The first farmer was the first man. All historic nobility rests on the possession and use of land. Ralph Waldo Emerson

07 December 2010

69 Years Ago Today...

...America changed forever. On a leisurely Sunday morning in Hawaii--December 7, 194--"a date that will live in infamy"--America's nervous peace was ripped apart by the attack of 353 Japanese fighter planes in two waves, launched from six aircraft carriers in the infamous and never-to-be-forgotten bombing of Pearl Harbor.

More than 2400 Americans perished that day--and many of them still call Pearl Harbor their final resting place. Five battleships--the USS California, the USS Utah, the USS West Virginia, the USS Oklahoma, and--most famously--the USS Arizona--were either destroyed or run aground. A total of eighteen naval vessels were destroyed.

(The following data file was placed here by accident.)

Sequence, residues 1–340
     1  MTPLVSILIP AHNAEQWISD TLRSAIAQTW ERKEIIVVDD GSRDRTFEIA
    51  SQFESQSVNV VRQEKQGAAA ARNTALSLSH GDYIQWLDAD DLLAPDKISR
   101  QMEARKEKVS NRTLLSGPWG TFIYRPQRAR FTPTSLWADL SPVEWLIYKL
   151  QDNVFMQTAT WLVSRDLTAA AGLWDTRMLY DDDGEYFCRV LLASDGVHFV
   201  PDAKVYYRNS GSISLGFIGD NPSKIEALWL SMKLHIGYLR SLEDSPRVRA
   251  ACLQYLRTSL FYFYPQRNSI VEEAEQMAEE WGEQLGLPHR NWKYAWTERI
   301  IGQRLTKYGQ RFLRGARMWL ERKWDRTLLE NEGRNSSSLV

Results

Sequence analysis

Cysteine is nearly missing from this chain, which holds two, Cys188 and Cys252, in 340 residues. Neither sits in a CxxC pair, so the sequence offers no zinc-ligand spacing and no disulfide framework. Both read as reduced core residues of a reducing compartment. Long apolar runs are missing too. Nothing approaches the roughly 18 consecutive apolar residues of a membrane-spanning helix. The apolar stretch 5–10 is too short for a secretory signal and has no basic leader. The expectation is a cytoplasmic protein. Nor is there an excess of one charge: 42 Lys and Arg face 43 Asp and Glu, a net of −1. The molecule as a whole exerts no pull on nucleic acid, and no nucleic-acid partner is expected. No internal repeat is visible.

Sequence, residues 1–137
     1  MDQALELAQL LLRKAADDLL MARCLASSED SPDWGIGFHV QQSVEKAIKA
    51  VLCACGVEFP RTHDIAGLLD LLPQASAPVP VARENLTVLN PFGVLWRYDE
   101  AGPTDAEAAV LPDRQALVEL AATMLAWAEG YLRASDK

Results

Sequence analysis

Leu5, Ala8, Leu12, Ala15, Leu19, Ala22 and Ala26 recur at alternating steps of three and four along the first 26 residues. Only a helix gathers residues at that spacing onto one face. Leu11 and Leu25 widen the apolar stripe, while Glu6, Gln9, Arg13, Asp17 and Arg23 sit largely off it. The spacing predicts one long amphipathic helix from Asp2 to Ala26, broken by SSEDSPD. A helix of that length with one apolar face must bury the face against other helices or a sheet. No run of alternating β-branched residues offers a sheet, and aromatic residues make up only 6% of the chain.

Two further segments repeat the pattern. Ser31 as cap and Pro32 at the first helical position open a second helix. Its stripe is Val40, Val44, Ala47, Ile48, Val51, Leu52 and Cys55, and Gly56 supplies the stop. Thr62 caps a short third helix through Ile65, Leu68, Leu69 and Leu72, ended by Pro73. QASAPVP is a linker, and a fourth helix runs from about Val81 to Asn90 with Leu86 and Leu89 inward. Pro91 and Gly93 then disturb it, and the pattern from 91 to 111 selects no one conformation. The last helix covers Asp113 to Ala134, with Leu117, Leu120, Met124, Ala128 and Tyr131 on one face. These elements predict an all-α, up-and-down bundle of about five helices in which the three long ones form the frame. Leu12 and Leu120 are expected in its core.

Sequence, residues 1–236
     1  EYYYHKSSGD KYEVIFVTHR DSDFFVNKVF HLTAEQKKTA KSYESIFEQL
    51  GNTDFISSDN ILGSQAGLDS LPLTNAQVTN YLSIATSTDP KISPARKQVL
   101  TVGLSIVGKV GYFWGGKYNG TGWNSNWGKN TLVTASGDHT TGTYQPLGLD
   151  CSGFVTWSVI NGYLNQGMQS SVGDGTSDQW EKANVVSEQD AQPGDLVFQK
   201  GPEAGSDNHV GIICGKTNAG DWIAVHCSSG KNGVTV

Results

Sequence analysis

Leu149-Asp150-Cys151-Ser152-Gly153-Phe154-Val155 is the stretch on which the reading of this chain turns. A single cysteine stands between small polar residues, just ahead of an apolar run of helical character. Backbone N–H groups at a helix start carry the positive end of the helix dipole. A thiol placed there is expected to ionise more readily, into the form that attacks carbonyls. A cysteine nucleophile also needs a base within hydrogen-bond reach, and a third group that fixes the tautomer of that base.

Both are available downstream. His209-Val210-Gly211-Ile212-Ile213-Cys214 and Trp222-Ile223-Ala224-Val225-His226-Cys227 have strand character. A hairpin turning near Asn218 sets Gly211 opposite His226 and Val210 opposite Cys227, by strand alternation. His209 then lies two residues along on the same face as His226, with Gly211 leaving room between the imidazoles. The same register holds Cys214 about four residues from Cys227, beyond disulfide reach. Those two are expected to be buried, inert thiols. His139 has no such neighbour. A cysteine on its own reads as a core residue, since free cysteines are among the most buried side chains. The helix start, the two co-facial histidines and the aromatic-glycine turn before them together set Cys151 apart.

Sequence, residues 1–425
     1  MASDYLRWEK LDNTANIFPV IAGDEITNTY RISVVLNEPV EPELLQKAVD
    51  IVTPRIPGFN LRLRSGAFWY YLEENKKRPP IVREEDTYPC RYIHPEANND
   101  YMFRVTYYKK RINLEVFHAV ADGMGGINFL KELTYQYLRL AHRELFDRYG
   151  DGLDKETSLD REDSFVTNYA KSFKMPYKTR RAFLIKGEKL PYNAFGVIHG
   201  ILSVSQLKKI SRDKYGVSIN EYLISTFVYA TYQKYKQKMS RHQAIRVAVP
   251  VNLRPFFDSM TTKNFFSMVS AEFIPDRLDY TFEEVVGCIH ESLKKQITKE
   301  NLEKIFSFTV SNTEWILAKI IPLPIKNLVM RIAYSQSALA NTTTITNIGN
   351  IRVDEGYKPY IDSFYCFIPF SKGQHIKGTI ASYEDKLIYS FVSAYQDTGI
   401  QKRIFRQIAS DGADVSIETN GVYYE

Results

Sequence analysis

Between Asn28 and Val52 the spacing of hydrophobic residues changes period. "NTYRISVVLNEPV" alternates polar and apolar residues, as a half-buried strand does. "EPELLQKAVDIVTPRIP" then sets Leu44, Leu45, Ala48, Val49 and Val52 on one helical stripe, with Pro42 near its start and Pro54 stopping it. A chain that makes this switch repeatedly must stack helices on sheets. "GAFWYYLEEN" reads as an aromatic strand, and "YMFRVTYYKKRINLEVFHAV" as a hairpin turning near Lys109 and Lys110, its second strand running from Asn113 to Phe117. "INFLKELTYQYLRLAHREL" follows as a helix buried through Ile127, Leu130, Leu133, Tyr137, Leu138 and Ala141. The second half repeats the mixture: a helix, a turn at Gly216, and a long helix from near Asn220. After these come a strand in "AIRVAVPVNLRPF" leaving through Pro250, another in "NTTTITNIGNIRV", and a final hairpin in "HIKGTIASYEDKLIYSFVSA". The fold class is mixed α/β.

The next day, President Roosevelt asked Congress for a formal declaration of war against the Empire of Japan. Less than an hour later, the war authorization was approved. Three days later, the Axis powers of Germany and Italy declared war on the U.S.--and America reciprocated with a war declaration of its own later that same day.

Thus--within the space of just four days--America was plunged into a massive two-front war that ultimately claimed the lives of 416,000 Americans before the war finally ended with Japan's surrender in August 1945.

I have visited the USS Arizona Memorial on two different occasions. It is a place of solemn remembrance and reverent respect. Even today, oil droplets still bubble to the surface of the sea from the fuel tanks on the ship--a quiet, poignant reminder that Pearl Harbor is yet a home of the brave.

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